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Defining Portfolio Assessment

What is a portfolio?
A student portfolio is a systematic collection of student work and
related material that depicts a student's activities, accomplishments,
and achievements in one or more school subjects. The collection
should include evidence of student reflection and self-evaluation,
guidelines for selecting the portfolio contents, and criteria for judging
the quality of the work. The goal is to help students assemble portfolios
that illustrate their talents, represent their writing capabilities, and tell
their stories of school achievement... (Venn, 2000, pp. 530-531)
Two Types of Portfolios:
Process and product portfolios represent the two major types of
portfolios. A process portfolio documents the stages of learning and
provides a progressive record of student growth. A product
portfolio demonstrates mastery of a learning task or a set of learning
objectives and contains only the best work... Teachers use process
portfolios to help students identify learning goals, document progress
over time, and demonstrate learning mastery... In general, teachers
prefer to use process portfolios because they are ideal for
documenting the stages that students go through as they learn and
progress (Venn, 2000, p. 533).
Steps in the Portfolio Assessment Process
First, the teacher and the student need to clearly identify the portfolio
contents, which are samples of student work, reflections, teacher
observations, and conference records. Second, the teacher should
develop evaluation procedures for keeping track of the portfolio
contents and for grading the portfolio... Third, the teacher needs a plan
for holding portfolio conferences, which are formal and informal
meetings in which students review their work and discuss their
progress. Because they encourage reflective teaching and learning,
these conference are an essential part of the portfolio assessment
process (Venn, 2000, p. 540).
Advantages of Portfolio Assessment

Promoting student self-evaluation, reflection, and critical thinking.


Measuring performance based on genuine samples of student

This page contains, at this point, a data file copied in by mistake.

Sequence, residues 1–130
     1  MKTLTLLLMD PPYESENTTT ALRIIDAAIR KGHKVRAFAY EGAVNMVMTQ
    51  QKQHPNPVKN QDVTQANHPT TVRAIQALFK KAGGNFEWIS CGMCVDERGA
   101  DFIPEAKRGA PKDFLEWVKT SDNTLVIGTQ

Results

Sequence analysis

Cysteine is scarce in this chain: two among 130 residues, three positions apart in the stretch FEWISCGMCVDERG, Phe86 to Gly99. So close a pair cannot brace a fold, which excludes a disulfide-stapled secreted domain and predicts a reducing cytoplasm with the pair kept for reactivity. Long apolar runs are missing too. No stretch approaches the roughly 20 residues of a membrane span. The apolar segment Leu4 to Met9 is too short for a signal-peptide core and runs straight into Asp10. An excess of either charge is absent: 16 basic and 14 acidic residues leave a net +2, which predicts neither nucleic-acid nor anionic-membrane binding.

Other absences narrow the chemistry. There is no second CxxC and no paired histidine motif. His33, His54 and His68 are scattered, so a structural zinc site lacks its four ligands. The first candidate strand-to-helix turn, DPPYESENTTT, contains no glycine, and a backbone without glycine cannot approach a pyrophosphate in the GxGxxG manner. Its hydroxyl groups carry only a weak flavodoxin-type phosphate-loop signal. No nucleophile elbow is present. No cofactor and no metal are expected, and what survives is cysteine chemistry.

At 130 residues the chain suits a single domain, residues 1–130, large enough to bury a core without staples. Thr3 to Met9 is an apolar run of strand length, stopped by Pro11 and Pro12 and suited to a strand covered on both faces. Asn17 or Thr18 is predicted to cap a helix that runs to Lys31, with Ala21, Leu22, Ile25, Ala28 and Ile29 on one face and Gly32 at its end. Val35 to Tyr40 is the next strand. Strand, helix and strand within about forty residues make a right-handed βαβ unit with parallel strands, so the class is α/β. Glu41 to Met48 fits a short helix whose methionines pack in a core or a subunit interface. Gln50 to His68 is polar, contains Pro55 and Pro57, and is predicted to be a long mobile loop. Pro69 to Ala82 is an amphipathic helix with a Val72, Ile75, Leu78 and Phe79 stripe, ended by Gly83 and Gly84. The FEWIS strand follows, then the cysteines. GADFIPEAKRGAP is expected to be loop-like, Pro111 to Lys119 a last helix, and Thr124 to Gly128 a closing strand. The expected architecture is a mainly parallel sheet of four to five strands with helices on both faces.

work.
Providing flexibility in measuring how students accomplish their
learning goals.
Enabling teachers and students to share the responsibility for
setting learning goals and for evaluating progress toward
meeting those goals.

Giving students the opportunity to have extensive input into the


learning process.
Facilitating cooperative learning activities, including peer
evaluation and tutoring, cooperative learning groups, and peer
conferencing.
Providing a process for structuring learning in stages.
Providing opportunities for students and teachers to discuss
learning goals and the progress toward those goals in structured
and unstructured conferences.
Enabling measurement of multiple dimensions of student
progress by including different types of data and materials.
(Venn, 2000, p. 538)

Disadvantages of Portfolio Assessment

Requiring extra time to plan an assessment system and conduct


the assessment.
Gathering all of the necessary data and work samples can make
portfolios bulky and difficult to manage.
Developing a systematic and deliberate management system is
difficult, but this step is necessary in order to make portfolios
more than a random collection of student work.
Scoring portfolios involves the extensive use of subjective
evaluation procedures such as rating scales and professional
judgment, and this limits reliability.
Scheduling individual portfolio conferences is difficulty and the
length of each conference may interfere with other instructional
activities. (Venn, 2000, p. 538)